In 20219, The ACCC found these ads to be misleading, and that Samsung Australia did not have a ‘reasonable basis’ for representing the above devices as being suitable for use in all types of water. According to the ACCC, Samsung was aware that its phone could be damaged from exposure to salt water or chlorine, and the company also denied warranty claims from customers with water-damaged devices.

“Samsung Australia’s ads promoting its Galaxy phones featured people using their phones in pools and sea water, despite the fact that this could ultimately result in significant damage to the phone,” said ACCC Chair Gina Cass-Gottlieb.

Samsung Australia agreed that there was a possibility that the advertised Galaxy phones could be damaged if a customer attempted to charge their device after exposing it to water. This is due to the presence of moisture in the charging port, which could cause the port to become corroded.

Samsung Australia admitted to breaching Australian Consumer Law by making misleading claims in its advertising.

Samsung was well aware of the charging port issues at the time of the advertising campaigns; in fact, each of the seven included Galaxy phones would display a warning message on-screen if customers attempted to charge their device while water was still in the port.

With Samsung now acknowledging that its marketing was misleading, the brand has now agreed to pay out the $14 million in penalties as ordered by the Federal Court.

Have you watched, heard or experienced a misleading ad in Australia? You can make a complaint now! 


Nandos misleading ad lunch on us

Nandos misleading ad lunch on us

Ad Standards has banned a “misleading” Nando’s ad for giving customers the impression they could receive a free lunch in-store between 11 am and 2 pm when there were hidden terms and conditions which meant only the first 250 people would receive “lunch on us”.

The ad posted to Nando’s Facebook page says “Lunch on us Monday 5th – Friday 9th Feb, 11 am-2 pm”, however, a complaint posted to Ad Standards said when they arrived for a free lunch, they were told there “was a limit of the first 250 people so to get in early when it starts so you don’t miss out”.

“Nowhere does the advertising suggest this limit and I find that to be misleading and disappointing,” the complaint said.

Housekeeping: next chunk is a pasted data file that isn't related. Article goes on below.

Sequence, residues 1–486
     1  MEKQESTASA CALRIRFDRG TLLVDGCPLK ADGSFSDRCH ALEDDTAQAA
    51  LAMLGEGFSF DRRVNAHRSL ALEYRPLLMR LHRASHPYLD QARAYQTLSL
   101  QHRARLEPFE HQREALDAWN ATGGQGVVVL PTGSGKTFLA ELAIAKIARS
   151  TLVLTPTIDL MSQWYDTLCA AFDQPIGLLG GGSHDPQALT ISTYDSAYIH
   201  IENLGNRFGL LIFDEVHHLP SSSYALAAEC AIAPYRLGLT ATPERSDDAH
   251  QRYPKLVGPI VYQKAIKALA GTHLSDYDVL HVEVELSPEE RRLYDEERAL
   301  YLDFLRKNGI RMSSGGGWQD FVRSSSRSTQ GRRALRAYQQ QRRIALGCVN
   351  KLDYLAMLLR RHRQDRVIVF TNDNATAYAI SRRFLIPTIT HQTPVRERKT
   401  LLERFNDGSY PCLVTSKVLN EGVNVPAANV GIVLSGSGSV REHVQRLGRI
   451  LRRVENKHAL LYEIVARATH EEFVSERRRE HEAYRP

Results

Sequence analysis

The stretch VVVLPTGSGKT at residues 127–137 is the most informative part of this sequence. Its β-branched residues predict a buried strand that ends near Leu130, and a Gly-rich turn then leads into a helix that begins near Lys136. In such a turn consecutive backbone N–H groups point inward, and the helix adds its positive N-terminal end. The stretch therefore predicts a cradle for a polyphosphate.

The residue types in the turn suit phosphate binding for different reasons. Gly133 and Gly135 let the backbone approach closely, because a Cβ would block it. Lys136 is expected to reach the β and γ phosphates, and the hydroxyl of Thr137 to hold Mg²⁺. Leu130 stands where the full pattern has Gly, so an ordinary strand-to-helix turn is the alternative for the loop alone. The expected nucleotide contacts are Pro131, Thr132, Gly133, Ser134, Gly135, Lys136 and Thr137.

Nando’s said the image wasn’t misleading as it “visually featured food items that could be claimed under the offer” and the advertiser offered a link to the full terms and conditions.

The advertiser said the terms and conditions outlined that a maximum of 250 lunches would be given out per day.

Ad Standards said it wasn’t reasonable to expect users to click through to a terms and conditions page when looking at an image on Facebook and the terms and conditions should have been made clear as part of the ad.

“The Panel considered that the advertiser had not intended to mislead the public but considered that the overall impression of the advertisement is that anyone in the store between 11 am and 2 pm would receive a free meal. The Panel considered that as this was not the case the advertisement was misleading,” Ad Standards said.

Ad Standards upheld the complaint.

Nando’s responded to the ruling saying it did not agree with the outcome but respected the decision made by Ad Standards.

Nandos said the ad was discontinued weeks prior to the ruling, however, the ad was still available on its Facebook page for some days after the complaint.

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misleading ad example etihad airways April 2023

misleading ad example Etihad Airways – Banned in April 2023

Some social media ads run by Etihad Airways promoting its sustainable aviation have been banned in the UK and the ruling comes just weeks after a similar complaint was made about the airline in Australia.

The ruling from the UK Advertising Standards Authority (ASA) is related to two advertisements featured on Facebook.

The text in the ad read: “We understand the impact flying has on the environment. That’s why we are taking a louder, bolder approach to sustainable aviation”

An accompanying video showed an Etihad plane flying.

Then on-screen text stated, “With Etihad you’ll earn Etihad Guest Miles” above an image of a card with a plant coming out of it. The card had the text, “ETIHAD GUEST CONSCIOUS CHOICES”.

An image of the world appeared, above on-screen text that said, “… every time you make a Conscious Choice for the planet”.

An image of the world was shown quickly passing by.


This was beneath an image of a golden rosette with the text in the middle which said, “Airline Ratings ENVIRONMENTAL AIRLINE OF THE YEAR ETIHAD AIRWAYS 2022”.